The ways in which businesses utilize their Instagram platforms also influence how these communities are created. Del Rowe’s Disappearing Content is Marketing Magic addresses how disappearing content on Instagram stories allows for exclusivity and immediacy for consumers. These real-time posts allow for new methods of brand community building through visual elements, brand excitement, or interactive questions and polls. The article also mentioned the value of speaking to audiences by sharing Instagram stories that give inside access to a company’s inner workings which bridge the gap between labor and consumers.
Another aspect of creating a community around business and sustainability is the influencer. “Digital natives” who grew up in a digitally interconnected world are developing business and communication skills on these platforms (Coll and Mico 88). Within businesses, especially startups, “growth hackers” is a new term whose goal is to be creative with media so as to not spend capital on traditional marketing campaigns (89). Often these “growth hackers” look to influencers to generate growth. Influencer marketing also includes those “micro-influencers” who are just average Instagram users who are now considered apart of communications strategies as they also share their favorite products with their followers or comment on a business’s Instagram. Influencers have become a part of brand marketing. Intellifluence is a marketing service specifically designed to connect green business to green influencers. Influencers will receive free products or cash in return for their review, while businesses get exposure on media platforms.
Below are some examples of the Instagram posts from influencers who are clearly promoting products by featuring them in their posts, @-ing the Instagram page, using hashtags, and explaining why they enjoy the products and how it is sustainable.
Some green influencers have even started their own businesses, completely amalgamating eco-consciousness, influencer marketing, and green products into one account. Laura Singer, @trashisfortosssers, created her own sustainable store: Package Free Shop. She also made Forbes 30 Under 30 – Social Entrepreneurs 2020 list. Amber Boyers, @theconsciouscut, created a sustainable swim brand: Baiia. Below you can see the two women’s Instagrams and their locations, comments, and hashtags as relating to green living and how their lifestyle and business reflects this.
Business and influencers have been able to feed off of and bolster sustainable causes on Instagram, creating a space within Instagram for an eco-consciousness community to grow, utilizing social media marketing to draw in like-minded people to buy like-minded products. Technology has often been equated with impersonal communication and superficial relationships, but Instagram has allowed for the formation of communities to develop around environmental awareness and green consumerism. #gogreen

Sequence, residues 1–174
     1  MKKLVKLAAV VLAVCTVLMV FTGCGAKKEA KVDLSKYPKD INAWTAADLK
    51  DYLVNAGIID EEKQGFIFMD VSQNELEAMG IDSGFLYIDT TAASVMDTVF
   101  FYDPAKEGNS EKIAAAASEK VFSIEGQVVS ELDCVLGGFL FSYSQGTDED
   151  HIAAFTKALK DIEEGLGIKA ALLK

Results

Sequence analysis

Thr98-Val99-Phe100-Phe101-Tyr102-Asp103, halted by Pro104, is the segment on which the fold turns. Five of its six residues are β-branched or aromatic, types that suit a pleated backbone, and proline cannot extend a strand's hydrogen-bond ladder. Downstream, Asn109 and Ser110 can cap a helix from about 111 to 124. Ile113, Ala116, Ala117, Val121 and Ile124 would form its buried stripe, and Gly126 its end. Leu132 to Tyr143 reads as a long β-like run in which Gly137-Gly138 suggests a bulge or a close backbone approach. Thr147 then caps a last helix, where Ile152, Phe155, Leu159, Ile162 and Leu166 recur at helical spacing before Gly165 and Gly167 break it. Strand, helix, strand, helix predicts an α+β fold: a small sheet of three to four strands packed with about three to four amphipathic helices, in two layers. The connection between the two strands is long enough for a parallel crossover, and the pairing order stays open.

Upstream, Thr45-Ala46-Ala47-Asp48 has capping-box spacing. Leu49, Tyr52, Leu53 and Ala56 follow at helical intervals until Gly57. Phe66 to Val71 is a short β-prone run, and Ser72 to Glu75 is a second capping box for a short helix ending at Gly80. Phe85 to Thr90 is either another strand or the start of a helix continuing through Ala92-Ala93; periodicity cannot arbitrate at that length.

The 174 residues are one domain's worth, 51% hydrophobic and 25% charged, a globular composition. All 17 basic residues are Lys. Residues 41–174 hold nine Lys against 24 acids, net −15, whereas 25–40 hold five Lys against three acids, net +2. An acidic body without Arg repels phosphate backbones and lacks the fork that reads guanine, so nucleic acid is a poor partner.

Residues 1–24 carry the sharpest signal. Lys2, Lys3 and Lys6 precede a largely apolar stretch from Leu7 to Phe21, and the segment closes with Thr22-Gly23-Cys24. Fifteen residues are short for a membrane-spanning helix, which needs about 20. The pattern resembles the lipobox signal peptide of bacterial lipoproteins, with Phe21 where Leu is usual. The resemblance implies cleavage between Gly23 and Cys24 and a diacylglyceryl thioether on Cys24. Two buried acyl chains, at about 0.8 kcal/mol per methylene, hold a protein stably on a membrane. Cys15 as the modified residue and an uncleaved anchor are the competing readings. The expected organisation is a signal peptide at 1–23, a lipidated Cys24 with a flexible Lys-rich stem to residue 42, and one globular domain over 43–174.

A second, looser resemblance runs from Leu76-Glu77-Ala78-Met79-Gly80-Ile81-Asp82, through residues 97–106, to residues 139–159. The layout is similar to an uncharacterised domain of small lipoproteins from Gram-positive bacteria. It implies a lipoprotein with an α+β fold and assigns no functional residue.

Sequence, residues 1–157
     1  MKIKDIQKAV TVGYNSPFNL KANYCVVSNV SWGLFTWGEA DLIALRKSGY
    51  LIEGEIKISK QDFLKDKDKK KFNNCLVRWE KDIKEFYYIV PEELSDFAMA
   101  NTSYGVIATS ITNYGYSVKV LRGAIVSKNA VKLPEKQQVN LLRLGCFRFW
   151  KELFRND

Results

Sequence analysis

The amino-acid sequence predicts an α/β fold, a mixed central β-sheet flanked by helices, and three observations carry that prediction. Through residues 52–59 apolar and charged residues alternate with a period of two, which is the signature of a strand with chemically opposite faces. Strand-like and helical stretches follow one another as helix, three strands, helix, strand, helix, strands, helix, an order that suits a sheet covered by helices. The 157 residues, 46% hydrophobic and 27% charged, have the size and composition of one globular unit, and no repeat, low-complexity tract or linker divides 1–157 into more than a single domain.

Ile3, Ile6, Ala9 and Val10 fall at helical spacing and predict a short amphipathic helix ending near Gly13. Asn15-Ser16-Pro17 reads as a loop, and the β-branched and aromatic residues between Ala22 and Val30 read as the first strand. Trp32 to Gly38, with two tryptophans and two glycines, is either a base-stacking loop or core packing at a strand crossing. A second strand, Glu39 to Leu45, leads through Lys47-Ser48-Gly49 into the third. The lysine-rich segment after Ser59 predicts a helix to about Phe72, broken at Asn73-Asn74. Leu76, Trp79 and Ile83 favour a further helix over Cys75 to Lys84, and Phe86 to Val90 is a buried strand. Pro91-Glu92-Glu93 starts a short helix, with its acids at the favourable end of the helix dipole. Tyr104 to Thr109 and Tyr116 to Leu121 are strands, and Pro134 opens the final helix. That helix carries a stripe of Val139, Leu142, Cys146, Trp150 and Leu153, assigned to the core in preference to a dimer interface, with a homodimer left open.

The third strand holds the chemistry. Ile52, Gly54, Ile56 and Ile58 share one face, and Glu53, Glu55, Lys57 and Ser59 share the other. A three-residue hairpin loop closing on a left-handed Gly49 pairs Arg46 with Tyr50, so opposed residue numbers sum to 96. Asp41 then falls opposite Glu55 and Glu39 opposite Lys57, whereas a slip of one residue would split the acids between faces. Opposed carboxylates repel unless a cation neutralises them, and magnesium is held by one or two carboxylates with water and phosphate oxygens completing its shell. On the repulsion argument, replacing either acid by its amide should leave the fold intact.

Bryum, Kristie“‘Hey Friend, Buy Green’: Social Media Use to Influence Eco-Purchasing Involvement.” Environmental Communication, vol. 13., no. 2, Nov. 2019, pp. 209-221, https://doi.org/10.1080/17524032.2017.1308404
Coll, Patricia and Josep Lluis Mico. “Influencer Marketing in the Growth Hacking strategy of digital brands.” Observatorio Journal, vol. 13, no. 2, 2019, pp. 87-105. OberCom, http://obs.obercom.pt/index.php/obs/article/view/1409
Del Rowe, Sam. “Disappearing Content is Marketing Magic: Platforms like Instagram Stories and Snapchat allow marketers to reach new audiences.” CRM Magazine, vol. 22, no. 2, Mar. 2018, pp. 34-37. EBSCOhost.
Hudders, Liselot, et al. “Digital Advertising and Consumer Empowerment.” Cyberpsychology, vol. 13, no. 2, June 2019, pp. 1–7. EBSCOhost.
Latiff, Zulkifli Abd. and Nur Ayuni Safira Safiee. “New business Set up for Branding Strategies on Social Media – Instagram.” Procedia Computer Science, vol. 72, 2015, pp. 13-23. ScienceDirect.
Lyon, Thomas P., and A. Wren Montgomery. “Tweetjacked: The Impact of Social Media on Corporate Greenwash.” Journal of Business Ethics, vol. 118, no. 4, 2013, pp. 747–757. JSTOR.
Nyilasy, Gergely and Harsha Gangadharbatla. “How to reach green consumers on the internet? Digital and social media strategies for addressing the environmentally conscious”. 2016 American Academy of Advertising Conference, March 2016, Seattle, WA. https://www.researchgate.net/publication/286279151_How_to_reach_green_consumers_on_the_internet_Digital_and_social_media_strategies_for_addressing_the_environmentally_conscious